# processing data from triplicate runs - (Apr/24/2008 )

Hi,

I am doing QPCR using the Light Cycler and SYBR Green.
I am using several housekeeping genes and their geometric mean as a normalization factor for my GOI.
I run my samples in triplicates.

The question is, should I use the 3 values of the triplicates when they differ? how much they can differ and be included? I mean, if two values are very similar and one deviates, do I remove this third one? and what if the three deviate from each other, how much they can deviate?
And also, do you calculate the mean or the median from these values?

Best,

coco

-coco-

If I see a curve in replicates that differs to much from the other two, I exclude it from calculation, because there definitely went something wrong.
It more a question of how you are used to, I usualy take Ct deviation to 0.1 as very good, to 0.5 usable and higher ones as problematic, but this could be different in different assays.

Usualy higher Cts differ more that lower ones, in principle, important is to see your Ct deviation compared with your relative quantitative results, it can render them insignificant.

And AFAIK there is no big difference using mean or median in the case of triplicates, median can discard the extremities so you don't have to do it manualy, but you get higher deviation.

-Trof-

Hi Trof, and thanks for your answer, it helps, but I am still having some questions:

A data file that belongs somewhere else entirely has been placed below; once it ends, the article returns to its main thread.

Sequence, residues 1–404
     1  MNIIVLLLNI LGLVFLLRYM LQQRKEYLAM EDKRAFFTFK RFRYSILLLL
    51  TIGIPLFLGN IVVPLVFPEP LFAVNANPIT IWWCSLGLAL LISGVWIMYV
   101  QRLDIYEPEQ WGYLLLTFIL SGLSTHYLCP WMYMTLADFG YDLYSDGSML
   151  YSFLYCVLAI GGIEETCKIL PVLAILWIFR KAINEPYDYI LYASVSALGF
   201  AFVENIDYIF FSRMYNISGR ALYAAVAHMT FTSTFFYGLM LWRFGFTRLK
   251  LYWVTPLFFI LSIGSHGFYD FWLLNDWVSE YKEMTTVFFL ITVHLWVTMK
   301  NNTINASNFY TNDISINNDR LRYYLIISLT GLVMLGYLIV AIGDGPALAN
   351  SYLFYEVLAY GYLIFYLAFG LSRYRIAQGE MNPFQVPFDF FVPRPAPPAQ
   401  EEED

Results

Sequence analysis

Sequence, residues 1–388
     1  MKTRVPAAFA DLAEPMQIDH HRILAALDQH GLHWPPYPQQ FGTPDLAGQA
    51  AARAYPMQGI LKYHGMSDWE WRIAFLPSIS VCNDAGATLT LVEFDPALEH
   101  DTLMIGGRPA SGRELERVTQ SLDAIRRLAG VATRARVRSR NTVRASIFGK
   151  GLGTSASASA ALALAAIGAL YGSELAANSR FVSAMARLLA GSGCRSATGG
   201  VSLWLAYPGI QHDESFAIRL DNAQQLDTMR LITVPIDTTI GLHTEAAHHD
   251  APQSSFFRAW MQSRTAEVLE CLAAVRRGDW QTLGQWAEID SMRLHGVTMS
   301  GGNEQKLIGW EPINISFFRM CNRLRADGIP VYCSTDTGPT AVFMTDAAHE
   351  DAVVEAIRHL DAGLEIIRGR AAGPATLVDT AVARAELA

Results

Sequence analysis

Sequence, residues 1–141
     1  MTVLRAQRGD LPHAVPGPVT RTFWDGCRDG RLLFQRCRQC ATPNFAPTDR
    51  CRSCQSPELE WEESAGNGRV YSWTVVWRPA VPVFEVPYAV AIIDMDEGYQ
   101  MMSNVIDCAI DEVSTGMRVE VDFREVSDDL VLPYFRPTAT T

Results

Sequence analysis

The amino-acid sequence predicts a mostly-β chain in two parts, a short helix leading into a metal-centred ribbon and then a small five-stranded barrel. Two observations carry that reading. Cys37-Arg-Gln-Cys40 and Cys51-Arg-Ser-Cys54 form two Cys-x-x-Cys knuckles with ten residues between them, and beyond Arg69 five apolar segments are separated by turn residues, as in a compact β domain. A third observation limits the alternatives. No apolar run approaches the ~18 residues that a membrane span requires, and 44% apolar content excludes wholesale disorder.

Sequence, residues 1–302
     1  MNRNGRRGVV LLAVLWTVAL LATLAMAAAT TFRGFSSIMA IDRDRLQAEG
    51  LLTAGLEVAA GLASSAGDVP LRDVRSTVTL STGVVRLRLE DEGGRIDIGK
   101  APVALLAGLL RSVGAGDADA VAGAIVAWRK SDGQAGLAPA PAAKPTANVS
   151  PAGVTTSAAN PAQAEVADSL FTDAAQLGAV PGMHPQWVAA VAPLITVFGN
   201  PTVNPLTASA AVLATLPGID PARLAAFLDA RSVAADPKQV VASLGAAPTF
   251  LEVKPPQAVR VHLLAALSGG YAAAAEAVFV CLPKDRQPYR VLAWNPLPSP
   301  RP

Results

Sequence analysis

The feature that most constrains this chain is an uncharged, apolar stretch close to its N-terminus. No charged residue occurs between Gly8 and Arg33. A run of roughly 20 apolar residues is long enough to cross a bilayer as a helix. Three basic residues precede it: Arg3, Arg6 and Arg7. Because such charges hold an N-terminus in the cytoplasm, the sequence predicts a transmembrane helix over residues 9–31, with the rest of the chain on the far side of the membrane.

http://www.pubmedcentral.nih.gov/articlere...bmedid=15780134

Larionov, A et al. A standard curve based method for relative real time PCR data processing.BMC Bioinformatics. 2005 Mar 21;6:62.

The authors describe a method for relative quantification based on standard curve, that is , I am using. They say "Two different approaches may be utilized for initial statistical handling of intra-assay PCR replicates. Either CP values are first averaged and then transformed to nonnormalized values or vice versa. Both approaches may yield similar results, as long as the arithmetic mean is used for the CP values and geometric mean for the non-normalized quantities. We prefer to start statistical assessment using unmodified source data i.e. we average crossing points before transformation to the non-normalized values."

Can anyone explain me why you should use the geometric mean for averaging nonnormalized copy number values, and not the arithmetic mean?
I am using the Light Cycler and an old version of tha data analysis software and I cannot use the same approach they use, as my software does not average the Cp values before transforming them to copy number.

Regards,

coco

-coco-